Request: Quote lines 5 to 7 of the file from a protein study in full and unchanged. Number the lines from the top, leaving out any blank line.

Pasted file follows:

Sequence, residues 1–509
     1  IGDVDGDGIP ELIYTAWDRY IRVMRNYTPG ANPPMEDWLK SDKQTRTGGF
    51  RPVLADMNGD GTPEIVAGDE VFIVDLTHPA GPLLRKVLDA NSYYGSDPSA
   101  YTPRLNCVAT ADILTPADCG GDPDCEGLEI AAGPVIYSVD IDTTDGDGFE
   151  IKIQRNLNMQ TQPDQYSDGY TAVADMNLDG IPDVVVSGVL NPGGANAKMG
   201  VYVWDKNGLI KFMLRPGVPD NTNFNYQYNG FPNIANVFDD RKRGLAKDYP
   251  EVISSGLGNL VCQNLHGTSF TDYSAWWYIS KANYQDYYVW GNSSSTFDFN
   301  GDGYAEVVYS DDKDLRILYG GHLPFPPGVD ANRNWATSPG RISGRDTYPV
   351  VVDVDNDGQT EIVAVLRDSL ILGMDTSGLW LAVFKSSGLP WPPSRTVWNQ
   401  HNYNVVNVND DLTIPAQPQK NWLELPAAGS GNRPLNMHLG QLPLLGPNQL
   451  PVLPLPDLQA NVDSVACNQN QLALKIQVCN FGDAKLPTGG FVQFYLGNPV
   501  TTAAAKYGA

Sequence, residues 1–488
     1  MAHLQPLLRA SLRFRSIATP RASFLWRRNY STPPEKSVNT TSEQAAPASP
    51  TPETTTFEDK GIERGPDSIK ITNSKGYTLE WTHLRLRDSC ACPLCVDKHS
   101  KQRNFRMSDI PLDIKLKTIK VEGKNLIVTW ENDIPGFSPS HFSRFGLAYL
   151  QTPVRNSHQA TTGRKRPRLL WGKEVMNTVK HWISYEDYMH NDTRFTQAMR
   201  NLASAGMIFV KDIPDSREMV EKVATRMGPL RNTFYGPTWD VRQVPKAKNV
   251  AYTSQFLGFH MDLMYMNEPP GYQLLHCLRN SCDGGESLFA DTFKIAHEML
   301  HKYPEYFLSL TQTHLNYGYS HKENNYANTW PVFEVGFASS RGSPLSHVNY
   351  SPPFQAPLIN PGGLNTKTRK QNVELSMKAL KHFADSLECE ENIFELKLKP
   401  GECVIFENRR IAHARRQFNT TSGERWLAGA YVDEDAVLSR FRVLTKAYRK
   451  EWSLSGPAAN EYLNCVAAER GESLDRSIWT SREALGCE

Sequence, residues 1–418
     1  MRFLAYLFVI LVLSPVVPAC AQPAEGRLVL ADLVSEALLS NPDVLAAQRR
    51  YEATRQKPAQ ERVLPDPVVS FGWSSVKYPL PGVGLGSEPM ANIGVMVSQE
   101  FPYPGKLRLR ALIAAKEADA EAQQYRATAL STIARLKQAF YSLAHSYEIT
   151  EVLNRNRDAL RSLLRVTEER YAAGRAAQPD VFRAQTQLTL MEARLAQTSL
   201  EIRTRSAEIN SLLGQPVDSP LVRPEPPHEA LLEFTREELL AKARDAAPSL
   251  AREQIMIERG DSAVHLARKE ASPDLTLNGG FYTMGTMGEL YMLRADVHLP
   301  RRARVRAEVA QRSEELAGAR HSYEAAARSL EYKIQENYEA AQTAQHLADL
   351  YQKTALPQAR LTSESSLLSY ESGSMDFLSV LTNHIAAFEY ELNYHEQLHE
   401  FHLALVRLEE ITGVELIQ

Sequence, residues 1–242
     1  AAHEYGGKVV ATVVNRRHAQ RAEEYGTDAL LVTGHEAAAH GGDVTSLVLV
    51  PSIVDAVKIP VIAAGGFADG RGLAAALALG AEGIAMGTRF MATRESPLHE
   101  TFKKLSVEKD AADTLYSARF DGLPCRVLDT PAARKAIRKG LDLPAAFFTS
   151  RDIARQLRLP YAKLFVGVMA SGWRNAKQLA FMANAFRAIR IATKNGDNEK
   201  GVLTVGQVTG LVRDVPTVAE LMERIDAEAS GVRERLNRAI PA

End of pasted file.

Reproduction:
   151  IKIQRNLNMQ TQPDQYSDGY TAVADMNLDG IPDVVVSGVL NPGGANAKMG
   201  VYVWDKNGLI KFMLRPGVPD NTNFNYQYNG FPNIANVFDD RKRGLAKDYP
   251  EVISSGLGNL VCQNLHGTSF TDYSAWWYIS KANYQDYYVW GNSSSTFDFN